Health Care Reform And Your Business
How the New Law Will Impact Your Bottom Line
Now that health care reform legislation with a true price tag of nearly $2 trillion is the law of the land, many small business owners are asking how they will be impacted. The answer is to expect higher costs and more mandates.
Mandates. The new law forces small businesses to provide health insurance whether or not they can afford it. Beginning in 2014, employers with more than 50 employees will be required to offer coverage or pay a $2,000 fine per employee if just one employee receives a subsidy to purchase insurance through newly created state health insurance exchanges. A firm’s first 30 employees will be subtracted from this penalty payment calculation.
Even businesses with more than 50 employees that do offer health benefits will face a $3,000 fine for each full-time employee who opts out and receives a subsidy to purchase coverage through an exchange. Part-time employees are taken into account as full-time equivalents, defined as working 30 hours per week. The total employer penalty is capped at the maximum penalty amount it would face if it did not offer any coverage at all. An employer plan must cover a specific set of services to be determined by the government and meet actuarial standards laid out in the law.
It is estimated that nearly 220,000 small businesses employing more than 26 million workers could be subject to the employer mandate. As premiums rise, some businesses will decide that it makes sense to drop coverage and pay the fine. The Joint Committee on Taxation estimates that employers will pay $52 billion over 10 years in penalties for noncompliance. The Congressional Budget Office (CBO) projects that 3 million fewer Americans will be covered through employer plans in 2019.
Exchanges and Tax Credits. By 2014, states are required to offer insurance exchanges where small businesses and individuals can purchase coverage. Through 2016, the exchanges are restricted to small businesses with no more than 100 employees, but states will have the option of limiting pools to companies with 50 or fewer employees. State benefit mandates will apply to plans sold through the exchange.
From 2010 to 2013, small businesses with fewer than 25 employees who on average earn less than $50,000 per year will be eligible for tax credits paying up to 35% of their insurance costs. This credit, however, will do little to blunt new costs for businesses that previously did not provide coverage. For example, a company that pays $40,000 a year to insure its employees will still be faced with $26,000 in unsubsidized costs. The tax credit grows to 50% of insurance costs in 2014, but it disappears completely two years later.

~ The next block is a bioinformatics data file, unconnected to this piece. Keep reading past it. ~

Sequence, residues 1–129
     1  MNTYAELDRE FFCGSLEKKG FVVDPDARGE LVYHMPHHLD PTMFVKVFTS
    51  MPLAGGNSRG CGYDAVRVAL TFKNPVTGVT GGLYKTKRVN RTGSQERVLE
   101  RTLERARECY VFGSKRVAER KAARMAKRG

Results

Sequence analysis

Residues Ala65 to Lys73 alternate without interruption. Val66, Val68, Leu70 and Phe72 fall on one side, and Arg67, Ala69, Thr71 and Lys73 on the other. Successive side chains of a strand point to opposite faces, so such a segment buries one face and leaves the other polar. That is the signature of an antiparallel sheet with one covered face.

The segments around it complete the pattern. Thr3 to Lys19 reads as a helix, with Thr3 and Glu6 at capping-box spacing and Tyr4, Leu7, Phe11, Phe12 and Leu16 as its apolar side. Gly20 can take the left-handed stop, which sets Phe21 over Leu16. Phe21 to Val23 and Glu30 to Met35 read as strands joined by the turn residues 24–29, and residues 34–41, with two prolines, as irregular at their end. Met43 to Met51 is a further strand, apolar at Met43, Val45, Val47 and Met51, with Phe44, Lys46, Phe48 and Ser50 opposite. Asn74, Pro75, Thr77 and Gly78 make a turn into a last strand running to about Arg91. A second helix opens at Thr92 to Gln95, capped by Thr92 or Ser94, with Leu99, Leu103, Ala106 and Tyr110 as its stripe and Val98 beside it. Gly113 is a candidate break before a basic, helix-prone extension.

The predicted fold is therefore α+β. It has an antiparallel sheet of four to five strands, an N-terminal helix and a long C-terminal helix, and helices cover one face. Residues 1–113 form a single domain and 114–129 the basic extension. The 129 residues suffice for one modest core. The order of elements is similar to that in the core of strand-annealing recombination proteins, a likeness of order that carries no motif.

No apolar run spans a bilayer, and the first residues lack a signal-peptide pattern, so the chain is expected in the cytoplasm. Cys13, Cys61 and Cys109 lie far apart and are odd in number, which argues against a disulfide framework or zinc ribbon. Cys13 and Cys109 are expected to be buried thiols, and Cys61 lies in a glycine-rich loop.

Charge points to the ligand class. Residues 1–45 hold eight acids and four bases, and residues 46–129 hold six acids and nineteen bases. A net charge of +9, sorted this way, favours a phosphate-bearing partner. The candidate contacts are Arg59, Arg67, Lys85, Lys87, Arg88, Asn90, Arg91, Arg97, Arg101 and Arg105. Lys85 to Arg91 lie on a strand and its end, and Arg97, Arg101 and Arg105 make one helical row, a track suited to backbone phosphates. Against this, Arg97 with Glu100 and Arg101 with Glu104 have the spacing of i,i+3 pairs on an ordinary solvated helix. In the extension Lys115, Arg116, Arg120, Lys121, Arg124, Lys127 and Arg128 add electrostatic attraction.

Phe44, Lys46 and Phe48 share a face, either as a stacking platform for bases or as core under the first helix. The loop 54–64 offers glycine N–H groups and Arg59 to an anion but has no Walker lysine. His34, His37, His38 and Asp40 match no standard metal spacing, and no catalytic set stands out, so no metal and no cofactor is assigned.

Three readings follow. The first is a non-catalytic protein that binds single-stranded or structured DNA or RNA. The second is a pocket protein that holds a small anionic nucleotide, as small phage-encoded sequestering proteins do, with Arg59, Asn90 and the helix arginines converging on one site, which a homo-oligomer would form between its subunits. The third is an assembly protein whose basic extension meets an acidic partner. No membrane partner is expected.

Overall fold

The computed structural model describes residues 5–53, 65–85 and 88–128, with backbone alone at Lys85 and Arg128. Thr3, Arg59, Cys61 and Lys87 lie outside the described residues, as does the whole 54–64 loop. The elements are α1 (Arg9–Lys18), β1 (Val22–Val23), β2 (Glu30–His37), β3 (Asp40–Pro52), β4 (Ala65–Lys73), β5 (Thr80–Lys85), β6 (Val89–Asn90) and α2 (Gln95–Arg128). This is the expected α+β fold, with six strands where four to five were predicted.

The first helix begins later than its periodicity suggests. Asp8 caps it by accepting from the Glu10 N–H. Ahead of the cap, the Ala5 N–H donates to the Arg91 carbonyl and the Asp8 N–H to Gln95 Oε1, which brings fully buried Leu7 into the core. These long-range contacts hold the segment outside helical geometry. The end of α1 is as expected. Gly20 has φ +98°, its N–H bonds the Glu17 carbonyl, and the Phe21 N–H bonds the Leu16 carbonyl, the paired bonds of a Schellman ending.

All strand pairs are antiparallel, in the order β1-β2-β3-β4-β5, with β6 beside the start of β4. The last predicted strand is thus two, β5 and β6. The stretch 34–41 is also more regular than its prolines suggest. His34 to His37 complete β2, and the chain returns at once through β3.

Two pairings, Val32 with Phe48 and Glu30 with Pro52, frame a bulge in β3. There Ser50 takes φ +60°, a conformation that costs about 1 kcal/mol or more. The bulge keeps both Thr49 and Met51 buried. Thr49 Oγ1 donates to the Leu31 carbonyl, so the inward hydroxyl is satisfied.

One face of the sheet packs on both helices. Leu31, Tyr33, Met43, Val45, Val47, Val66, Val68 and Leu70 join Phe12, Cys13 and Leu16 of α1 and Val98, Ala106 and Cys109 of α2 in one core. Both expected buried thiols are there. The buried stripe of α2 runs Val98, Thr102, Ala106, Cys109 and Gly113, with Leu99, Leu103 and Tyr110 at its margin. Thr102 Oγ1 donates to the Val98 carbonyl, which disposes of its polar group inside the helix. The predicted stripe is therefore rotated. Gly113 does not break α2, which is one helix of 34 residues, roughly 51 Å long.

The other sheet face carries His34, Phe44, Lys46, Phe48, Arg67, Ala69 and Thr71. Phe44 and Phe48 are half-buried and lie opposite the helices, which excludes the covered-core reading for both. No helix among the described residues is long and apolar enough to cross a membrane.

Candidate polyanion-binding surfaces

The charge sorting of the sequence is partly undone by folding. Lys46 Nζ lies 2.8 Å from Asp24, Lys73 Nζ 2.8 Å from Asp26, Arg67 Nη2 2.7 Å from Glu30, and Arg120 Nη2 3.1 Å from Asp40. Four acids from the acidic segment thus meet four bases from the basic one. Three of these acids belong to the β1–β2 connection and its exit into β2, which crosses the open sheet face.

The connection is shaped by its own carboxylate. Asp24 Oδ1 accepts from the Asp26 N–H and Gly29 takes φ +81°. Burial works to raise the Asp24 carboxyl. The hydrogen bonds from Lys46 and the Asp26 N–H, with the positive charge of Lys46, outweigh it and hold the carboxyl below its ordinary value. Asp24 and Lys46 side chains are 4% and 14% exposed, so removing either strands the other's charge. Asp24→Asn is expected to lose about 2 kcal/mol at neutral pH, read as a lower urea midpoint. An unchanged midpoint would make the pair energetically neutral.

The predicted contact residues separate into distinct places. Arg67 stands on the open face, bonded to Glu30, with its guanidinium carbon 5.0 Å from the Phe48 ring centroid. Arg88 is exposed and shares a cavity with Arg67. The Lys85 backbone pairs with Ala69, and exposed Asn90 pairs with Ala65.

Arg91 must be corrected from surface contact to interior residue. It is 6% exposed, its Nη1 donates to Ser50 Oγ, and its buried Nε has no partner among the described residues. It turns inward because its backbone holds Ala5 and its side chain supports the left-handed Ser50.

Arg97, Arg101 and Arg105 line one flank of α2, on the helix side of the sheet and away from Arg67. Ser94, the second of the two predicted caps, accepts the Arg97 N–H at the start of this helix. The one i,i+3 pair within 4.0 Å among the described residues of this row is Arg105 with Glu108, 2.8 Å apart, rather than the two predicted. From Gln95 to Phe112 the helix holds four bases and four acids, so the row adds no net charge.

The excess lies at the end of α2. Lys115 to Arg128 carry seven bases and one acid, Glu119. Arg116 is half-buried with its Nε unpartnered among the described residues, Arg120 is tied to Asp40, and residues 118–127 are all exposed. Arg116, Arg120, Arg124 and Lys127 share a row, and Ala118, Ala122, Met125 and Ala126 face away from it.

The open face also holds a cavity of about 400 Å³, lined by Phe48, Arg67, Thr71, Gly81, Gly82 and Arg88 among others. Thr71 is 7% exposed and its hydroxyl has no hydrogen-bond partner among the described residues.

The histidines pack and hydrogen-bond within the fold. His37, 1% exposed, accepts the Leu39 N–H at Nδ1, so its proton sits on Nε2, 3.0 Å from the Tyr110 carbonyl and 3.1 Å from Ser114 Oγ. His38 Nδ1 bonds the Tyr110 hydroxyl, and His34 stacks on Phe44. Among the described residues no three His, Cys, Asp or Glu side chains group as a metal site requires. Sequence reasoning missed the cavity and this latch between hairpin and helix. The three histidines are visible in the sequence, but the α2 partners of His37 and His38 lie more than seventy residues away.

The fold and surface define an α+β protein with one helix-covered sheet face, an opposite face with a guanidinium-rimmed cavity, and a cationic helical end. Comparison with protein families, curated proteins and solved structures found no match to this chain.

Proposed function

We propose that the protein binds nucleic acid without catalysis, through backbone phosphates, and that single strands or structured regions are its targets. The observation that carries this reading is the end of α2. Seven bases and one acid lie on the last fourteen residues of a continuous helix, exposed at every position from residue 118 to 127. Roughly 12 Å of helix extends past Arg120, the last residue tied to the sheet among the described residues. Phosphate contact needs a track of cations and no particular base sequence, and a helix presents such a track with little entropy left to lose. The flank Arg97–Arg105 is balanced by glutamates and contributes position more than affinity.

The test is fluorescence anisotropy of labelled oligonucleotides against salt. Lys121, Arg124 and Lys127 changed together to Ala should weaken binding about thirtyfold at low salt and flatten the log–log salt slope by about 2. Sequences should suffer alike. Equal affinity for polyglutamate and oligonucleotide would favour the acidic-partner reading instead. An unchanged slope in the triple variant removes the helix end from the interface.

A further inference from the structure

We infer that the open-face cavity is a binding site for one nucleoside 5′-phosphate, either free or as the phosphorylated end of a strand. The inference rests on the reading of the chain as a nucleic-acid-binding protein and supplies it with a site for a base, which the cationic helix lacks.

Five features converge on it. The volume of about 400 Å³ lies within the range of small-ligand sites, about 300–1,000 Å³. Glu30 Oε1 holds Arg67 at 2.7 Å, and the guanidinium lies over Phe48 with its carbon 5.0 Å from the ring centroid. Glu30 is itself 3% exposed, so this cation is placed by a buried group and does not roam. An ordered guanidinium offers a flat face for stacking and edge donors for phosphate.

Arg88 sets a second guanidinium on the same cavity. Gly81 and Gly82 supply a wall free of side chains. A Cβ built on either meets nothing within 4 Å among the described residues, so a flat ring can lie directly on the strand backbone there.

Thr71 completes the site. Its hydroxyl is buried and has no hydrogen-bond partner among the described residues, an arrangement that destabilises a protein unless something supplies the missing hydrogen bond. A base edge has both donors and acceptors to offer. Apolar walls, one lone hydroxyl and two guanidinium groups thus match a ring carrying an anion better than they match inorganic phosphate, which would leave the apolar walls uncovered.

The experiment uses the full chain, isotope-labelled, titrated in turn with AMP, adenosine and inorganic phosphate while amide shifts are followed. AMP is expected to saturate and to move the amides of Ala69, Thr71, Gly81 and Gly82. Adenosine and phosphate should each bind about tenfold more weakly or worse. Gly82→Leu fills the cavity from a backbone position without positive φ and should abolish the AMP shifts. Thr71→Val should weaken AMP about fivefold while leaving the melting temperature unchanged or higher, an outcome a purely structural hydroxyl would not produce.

Taxes and Fees. The bill imposes $569 billion in new and higher taxes on businesses and individuals. New taxes on pharmaceutical companies (beginning in 2011), medical devices (beginning in 2013), and the health insurance sector (beginning in 2014) will be passed on to every American in the form of higher prices and premiums. Beginning in 2018, a 40% excise tax will be imposed on employer-sponsored health premiums that exceed $10,200 for single coverage and $27,500 for family coverage.
Upper income earners are targeted for additional tax hikes. Beginning in 2013, the Medicare payroll tax will increase 0.9% for individuals earning more than $200,000 ($250,000 for married couples filing jointly). That equals an extra $2,250 per year in taxes for a family earning $500,000. Further, income thresholds are not indexed annually, meaning that every year more taxpayers will be subject to the payroll tax increase.
Those same households will face a 3.8% Medicare tax applied to net investment income, which captures income from interest, dividends, capital gains, and some profits from investments in partnerships and S-corporations.
In addition, the law curtails several positive features of the health care system designed to promote individual initiative and private sector efficiency. For example, caps on tax-free Flexible Spending Accounts (FSAs), which are used to reimburse some medical bills not covered by insurance, have been cut in half to $2,500, and over-the-counter medications will no longer be considered a qualified medical expense.
Learn more at www.uschamber.com/healthcare.
Originally published May 2010. Reprinted by permission, uschamber.com, May 2010.
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